news Wednesday, February 11, 2015 - 05:30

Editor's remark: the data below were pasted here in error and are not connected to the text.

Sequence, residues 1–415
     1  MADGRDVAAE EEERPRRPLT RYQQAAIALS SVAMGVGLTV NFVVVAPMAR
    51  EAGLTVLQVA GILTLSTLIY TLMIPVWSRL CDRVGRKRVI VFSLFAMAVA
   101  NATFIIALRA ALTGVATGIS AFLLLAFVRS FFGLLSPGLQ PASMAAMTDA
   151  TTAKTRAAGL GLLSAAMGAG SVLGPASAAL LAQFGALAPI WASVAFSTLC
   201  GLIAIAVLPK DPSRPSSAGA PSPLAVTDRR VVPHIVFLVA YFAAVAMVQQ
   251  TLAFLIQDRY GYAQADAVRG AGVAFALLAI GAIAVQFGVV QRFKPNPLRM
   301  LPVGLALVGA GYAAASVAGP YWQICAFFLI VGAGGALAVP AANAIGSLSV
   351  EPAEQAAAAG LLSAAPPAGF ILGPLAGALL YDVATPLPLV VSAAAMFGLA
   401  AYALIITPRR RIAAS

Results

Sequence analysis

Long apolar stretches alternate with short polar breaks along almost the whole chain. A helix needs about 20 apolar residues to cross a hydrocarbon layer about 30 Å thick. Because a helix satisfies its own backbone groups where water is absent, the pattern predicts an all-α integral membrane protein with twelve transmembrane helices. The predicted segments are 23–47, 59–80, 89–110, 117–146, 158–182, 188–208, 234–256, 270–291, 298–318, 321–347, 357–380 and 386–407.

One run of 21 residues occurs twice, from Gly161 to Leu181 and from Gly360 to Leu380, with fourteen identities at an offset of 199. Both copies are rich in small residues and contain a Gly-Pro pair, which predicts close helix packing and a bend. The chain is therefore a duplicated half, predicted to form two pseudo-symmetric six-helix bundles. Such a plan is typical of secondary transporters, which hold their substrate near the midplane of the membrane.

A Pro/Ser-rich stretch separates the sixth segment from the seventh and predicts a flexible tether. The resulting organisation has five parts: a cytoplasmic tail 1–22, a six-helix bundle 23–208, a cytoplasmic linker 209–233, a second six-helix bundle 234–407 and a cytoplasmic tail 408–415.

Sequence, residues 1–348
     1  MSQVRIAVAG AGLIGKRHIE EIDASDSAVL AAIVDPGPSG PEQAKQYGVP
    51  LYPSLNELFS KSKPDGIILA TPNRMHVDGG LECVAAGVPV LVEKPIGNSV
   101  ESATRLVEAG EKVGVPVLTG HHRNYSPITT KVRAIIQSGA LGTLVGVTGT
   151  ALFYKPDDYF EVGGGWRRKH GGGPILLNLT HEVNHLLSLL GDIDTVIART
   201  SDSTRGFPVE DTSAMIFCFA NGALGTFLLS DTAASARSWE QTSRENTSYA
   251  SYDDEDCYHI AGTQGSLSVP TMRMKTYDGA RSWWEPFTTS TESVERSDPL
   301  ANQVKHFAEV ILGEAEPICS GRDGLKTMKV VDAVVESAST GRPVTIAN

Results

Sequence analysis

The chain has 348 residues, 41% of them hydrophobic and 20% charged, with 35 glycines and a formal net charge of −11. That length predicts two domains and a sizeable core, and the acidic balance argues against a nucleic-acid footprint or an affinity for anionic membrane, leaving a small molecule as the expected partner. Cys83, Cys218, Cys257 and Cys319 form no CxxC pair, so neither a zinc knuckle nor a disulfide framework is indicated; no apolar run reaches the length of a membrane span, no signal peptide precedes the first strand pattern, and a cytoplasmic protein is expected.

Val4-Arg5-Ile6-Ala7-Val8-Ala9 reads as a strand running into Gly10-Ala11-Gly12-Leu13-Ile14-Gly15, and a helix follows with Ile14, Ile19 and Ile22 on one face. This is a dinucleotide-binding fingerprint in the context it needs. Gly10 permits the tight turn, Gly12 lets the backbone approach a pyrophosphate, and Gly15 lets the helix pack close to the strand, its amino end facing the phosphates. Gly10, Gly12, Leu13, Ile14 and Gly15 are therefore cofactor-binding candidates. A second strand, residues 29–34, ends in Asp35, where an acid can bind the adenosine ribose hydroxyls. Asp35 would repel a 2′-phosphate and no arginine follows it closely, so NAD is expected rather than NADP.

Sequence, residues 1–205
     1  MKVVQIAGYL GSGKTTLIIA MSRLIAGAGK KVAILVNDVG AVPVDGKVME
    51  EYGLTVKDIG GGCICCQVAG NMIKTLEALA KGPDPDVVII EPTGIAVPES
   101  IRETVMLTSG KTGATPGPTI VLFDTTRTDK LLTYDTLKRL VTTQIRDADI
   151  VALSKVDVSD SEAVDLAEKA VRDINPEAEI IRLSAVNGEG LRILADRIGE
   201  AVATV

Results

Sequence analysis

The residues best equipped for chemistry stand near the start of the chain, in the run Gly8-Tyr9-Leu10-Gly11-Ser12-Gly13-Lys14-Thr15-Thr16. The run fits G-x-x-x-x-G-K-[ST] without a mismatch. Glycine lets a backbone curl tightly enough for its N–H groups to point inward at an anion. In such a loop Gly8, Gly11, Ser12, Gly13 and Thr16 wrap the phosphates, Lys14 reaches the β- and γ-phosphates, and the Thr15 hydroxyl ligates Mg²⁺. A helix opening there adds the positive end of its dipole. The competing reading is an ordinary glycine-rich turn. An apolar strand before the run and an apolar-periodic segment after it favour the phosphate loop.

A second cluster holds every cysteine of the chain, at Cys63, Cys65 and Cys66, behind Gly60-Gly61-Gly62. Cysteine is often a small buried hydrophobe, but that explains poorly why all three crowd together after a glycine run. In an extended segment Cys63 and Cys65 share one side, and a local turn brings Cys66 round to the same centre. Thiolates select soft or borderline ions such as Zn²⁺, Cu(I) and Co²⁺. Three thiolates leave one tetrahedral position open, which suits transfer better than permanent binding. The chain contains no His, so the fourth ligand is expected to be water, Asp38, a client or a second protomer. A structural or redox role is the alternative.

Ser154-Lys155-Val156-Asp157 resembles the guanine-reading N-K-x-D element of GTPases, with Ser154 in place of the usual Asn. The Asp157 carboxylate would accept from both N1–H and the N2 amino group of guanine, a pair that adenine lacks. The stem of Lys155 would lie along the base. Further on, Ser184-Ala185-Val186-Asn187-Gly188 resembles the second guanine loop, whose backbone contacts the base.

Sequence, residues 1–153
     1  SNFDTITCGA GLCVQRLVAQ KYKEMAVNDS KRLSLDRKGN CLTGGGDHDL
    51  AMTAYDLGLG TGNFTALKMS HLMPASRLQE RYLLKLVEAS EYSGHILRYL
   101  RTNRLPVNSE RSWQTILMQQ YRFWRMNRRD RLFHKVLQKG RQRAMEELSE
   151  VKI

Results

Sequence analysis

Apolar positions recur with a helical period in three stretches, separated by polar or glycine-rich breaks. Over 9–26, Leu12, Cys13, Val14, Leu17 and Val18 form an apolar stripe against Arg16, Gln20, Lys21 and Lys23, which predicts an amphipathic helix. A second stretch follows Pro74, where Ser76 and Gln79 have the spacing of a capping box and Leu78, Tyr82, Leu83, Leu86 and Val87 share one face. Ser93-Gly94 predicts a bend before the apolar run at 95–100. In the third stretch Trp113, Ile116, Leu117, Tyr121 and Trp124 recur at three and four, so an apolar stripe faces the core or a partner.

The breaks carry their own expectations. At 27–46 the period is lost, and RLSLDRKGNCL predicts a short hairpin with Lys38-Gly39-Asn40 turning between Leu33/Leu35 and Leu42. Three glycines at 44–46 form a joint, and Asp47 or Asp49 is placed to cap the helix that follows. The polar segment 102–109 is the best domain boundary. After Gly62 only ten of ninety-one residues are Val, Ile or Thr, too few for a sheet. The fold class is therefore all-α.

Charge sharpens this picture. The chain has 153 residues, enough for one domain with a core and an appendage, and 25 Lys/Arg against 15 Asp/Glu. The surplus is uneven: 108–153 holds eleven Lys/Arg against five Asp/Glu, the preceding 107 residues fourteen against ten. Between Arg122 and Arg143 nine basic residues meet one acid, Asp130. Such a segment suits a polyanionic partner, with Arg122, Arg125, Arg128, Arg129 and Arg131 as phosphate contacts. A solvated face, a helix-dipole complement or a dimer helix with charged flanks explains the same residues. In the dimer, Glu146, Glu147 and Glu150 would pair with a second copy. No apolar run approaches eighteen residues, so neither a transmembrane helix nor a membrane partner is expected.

Anisha Sheth | The News Minute | November 27, 2014 | 12.50 pm IST The supporters and critics of the Kiss of Love event in Bangalore, appear to be more articulate about the idea of a Kiss of Love protest than the organizers of the Bangalore event. While supporters and critics have been shouting themselves hoarse about the event, the organizers have been notoriously hard to reach, and surprisingly have little clarity about what the event is or should be. For days, there has been much debate about the event, with people forming ranks either in support or against. Then there are some who support the event but think that the organizers should call it off because the police have denied permission. However, despite the police denying permission, the organisers have decided to go ahead with the event in Bangalore are even prepared to go to jail, for an event that is “not a kissing contest”. Speaking to The News Minute on Thursday, after days of making attempts to get in touch with the organizers, spokesperson for the Bangalore event Vijayan Kallil said that they were a group of six people including people with NGO backgrounds, and IT professionals who had stepped in after the original organizer Rachita Taneja withdrew due to threats. She is now in her home town, Kallil says. Asked how the organizers conceptualized the event when the police had denied permission on grounds of “obscenity” under Section 294A of the IPC, Kallil said that there was a misconception about the event. “There are different layers (of protest). The intention is not just (to kiss). It is not a kissing contest. It is a solidarity march and it might or might not involve kissing. We cannot stop people from kissing.” Asked where the march would begin and end, he said “That we will tell you exactly where it will go later.” The event is to take place at Town Hall on November 30. When asked that if the organizers did not envision a kiss as a part of an event called Kiss of Love, would it not have made the purpose of the Bangalore event more clear if it was named something else, Kallil did not answer the question, but said: “We want a debate on what is obscenity. We all want answers on what is obscenity and vulgarity. We belong to a demographic group called the millenials (people of a new generation). The way millenials approach relationships is different.” He said that the idea was to “kickstart a debate and discussion” on what obscenity was. Asked if they would accept support from other groups, and Kallil said that they had had meetings with representatives of groups last Saturday. He also said that the organizers wished to continue the protest in the form of future symposiums and seminars and that they required the support of NGOs for such “interventions”. Asked what made the group decide to take up the protest, Kallil said that they wanted to protest against “fascist elements and moral police”. He said he hoped that the protest would “inspire” others to question moral policing and infringement of personal rights.  To a question on the possibility of arrest, Kallil said that they were prepared for it if it occurred. They also said that they were dealing well with the abuse and that "Men jeered at things they did not understand. It is not a kissing contest. If a husband wants to kiss his wife or a father wants to kiss his daughter, we (organisers) cannot stop them."
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